• Busuu has over 100 million users worldwide, learning 12 different languages. They cover the four language skills (reading, writing, listening, speaking) from beginner to upper-intermediate. Lessons are grouped according to focus (how to introduce yourself, how to order at a restaurant, etc.), and the learner can submit writing exercises native speakers of the language can correct.
  • Memrise teaches languages in a way opposite to textbook language learning. They have thousands of video clips from native speakers designed to help the student learn the language in a conversational, communicative way. Over 50 million students from 189 countries are learning 22 different languages.
  • Babbel teaches you the language of your choice through real-life dialogue and approaching language learning the way native speakers would. They offer individualized learning paths that are centered on how the student learns (whether they are visual or auditory). Babbel also helps students refine their pronunciation by listening to the actual voices of native speakers with different accents.

2. Engage in Language Groups

One of the best ways to learn a language is to find people who are also learning the language. In the age of social media, the options are limitless. For example, you can find Facebook groups or Reddit communities dedicated to helping beginners learn languages. Sometimes, out of those groups, Zoom calls and WhatsApp/Telegram chat groups spring forth for those looking to study languages with a smaller, more focused group. Other websites have forums where students can submit posts for others to comment on or ask questions about topics they don’t understand.

Some online communities you can check out:

3. Write to a Pen Pal

If you want to learn a language well and learn more about a country’s culture, there’s no better way than to learn it from a native speaker. Websites like Interpals are built to connect language learners. Other sites or apps will let you connect with native language speakers, such as italki and Speaky. HiNative enables you to ask language-related questions to native speakers, and Slowly is a pen pal letter app that allows you to send messages back and forth with people from around the world within the time frame of snail mail letters (isn’t that fun?).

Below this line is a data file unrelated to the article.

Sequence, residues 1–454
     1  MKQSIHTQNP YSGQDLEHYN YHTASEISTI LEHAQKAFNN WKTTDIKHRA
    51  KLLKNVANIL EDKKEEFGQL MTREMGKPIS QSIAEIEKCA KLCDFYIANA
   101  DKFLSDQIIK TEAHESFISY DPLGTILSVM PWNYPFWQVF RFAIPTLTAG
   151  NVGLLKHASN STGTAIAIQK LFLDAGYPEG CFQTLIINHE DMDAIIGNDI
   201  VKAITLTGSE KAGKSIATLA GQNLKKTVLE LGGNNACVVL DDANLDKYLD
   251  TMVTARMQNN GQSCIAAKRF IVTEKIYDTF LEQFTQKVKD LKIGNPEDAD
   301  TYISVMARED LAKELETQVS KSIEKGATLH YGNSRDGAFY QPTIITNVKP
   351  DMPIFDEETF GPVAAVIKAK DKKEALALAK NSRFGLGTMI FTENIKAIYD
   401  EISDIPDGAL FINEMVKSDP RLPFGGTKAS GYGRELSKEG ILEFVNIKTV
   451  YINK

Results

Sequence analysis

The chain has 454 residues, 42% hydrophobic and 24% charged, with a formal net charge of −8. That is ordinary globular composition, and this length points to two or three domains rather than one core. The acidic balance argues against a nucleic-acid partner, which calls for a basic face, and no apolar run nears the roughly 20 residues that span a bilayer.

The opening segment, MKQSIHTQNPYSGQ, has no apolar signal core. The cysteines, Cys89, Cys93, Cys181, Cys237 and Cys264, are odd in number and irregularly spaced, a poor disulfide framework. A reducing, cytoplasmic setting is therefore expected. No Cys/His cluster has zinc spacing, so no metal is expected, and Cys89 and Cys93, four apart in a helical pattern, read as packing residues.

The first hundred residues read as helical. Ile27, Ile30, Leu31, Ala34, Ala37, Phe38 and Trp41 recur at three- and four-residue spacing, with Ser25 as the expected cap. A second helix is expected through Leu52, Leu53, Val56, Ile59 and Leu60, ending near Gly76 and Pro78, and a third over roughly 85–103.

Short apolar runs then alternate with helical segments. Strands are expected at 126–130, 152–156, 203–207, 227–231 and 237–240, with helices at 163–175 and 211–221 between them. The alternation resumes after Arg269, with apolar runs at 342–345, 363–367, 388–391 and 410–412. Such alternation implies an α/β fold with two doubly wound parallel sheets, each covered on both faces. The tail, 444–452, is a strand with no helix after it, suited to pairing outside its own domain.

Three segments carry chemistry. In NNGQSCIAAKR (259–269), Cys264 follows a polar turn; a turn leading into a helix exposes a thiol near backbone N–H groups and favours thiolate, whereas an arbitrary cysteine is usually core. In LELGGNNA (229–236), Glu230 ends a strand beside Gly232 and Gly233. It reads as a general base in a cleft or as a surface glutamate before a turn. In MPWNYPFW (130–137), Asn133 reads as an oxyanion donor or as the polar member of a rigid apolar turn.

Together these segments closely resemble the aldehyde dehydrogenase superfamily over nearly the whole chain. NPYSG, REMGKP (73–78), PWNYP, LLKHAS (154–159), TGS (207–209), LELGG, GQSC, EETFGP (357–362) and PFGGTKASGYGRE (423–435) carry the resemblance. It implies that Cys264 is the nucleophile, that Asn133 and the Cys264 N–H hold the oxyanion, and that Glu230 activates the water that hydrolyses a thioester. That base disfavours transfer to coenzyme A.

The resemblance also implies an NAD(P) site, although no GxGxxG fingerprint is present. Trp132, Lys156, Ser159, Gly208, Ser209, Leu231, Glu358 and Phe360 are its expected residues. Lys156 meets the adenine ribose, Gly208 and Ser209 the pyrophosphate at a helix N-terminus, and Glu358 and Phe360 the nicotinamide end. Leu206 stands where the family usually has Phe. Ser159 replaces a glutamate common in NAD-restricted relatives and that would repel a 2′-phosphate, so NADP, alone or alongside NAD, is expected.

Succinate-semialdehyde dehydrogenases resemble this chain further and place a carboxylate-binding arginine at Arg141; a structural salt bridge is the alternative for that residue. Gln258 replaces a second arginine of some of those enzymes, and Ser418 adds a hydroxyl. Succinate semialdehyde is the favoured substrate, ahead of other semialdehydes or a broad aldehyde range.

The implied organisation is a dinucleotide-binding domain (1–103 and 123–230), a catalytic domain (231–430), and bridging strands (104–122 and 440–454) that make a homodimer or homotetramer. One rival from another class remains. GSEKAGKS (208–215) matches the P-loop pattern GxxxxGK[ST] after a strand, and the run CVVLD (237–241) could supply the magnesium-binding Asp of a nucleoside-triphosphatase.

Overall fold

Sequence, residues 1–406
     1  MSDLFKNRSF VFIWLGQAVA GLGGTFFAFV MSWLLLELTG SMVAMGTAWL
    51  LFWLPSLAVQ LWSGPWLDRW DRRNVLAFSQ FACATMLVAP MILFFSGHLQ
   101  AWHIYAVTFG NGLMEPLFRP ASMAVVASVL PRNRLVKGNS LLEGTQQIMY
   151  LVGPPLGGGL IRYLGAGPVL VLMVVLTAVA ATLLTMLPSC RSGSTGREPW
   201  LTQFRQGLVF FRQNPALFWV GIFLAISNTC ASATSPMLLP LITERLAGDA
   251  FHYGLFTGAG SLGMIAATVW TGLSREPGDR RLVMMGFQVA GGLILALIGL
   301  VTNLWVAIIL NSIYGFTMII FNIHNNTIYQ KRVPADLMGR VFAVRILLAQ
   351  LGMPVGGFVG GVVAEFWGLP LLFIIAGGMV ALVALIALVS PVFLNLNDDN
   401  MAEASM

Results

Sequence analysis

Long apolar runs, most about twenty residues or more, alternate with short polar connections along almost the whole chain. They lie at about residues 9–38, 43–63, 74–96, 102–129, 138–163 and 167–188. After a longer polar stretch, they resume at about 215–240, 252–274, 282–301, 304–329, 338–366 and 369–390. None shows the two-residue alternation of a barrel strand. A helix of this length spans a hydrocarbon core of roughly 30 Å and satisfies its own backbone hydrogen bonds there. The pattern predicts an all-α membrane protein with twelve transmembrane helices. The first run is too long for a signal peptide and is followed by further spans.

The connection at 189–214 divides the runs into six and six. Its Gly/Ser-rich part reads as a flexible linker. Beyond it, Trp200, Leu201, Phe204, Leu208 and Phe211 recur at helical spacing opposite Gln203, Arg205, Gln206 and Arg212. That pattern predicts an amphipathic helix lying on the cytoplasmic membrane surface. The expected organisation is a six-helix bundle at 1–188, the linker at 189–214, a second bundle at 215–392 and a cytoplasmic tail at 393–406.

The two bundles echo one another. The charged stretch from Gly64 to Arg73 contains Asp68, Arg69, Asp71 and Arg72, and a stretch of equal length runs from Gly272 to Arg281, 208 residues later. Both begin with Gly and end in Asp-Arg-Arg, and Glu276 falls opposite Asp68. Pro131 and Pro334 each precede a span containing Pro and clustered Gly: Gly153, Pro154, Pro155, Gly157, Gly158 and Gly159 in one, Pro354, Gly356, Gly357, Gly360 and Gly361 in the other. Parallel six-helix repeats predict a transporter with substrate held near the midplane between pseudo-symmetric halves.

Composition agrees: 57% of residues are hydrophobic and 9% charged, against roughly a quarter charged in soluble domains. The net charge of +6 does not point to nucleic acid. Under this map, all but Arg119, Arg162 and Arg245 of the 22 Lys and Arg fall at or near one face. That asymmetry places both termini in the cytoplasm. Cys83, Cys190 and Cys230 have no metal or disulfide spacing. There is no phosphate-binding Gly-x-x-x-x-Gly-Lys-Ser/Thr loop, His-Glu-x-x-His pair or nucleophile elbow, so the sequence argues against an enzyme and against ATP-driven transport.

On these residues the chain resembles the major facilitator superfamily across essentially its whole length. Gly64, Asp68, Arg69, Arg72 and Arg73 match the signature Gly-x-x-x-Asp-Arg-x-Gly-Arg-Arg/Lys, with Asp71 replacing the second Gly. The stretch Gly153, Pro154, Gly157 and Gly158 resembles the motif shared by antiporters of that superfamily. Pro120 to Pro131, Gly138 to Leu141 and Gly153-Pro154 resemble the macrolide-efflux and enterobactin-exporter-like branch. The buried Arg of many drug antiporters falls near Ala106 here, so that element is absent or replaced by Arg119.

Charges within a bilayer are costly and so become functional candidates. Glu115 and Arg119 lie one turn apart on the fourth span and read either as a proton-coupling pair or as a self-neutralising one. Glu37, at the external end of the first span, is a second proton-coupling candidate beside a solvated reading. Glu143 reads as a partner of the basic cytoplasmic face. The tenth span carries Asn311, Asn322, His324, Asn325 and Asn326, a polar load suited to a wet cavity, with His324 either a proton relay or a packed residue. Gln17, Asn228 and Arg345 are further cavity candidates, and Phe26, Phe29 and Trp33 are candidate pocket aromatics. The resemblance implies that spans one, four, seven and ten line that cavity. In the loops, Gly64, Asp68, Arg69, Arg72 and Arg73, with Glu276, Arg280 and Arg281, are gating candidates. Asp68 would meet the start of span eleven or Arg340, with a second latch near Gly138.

4. Watch Movies and TV shows

What better way to learn languages than while doing something fun like chilling and watching movies? Some language learners start by watching foreign films and TV series with subtitles in their language and then eventually watch them with subtitles of the language they are learning. There’s an excellent way to do both through the Google Chrome extension Language Reactor. You must install the extension, log in to your Netflix account, and watch the movie in your native language and the language you’re learning.

5. Go on YouTube

It’s no big secret that YouTube has resources for thousands of things, including languages. Native speakers and polyglots provide countless tips and tricks for learning languages, from pronunciation to grammar rules to sentence structures. You can check out Easy Languages, The Travel Linguist, and The Language Pod.

6. Listen to Songs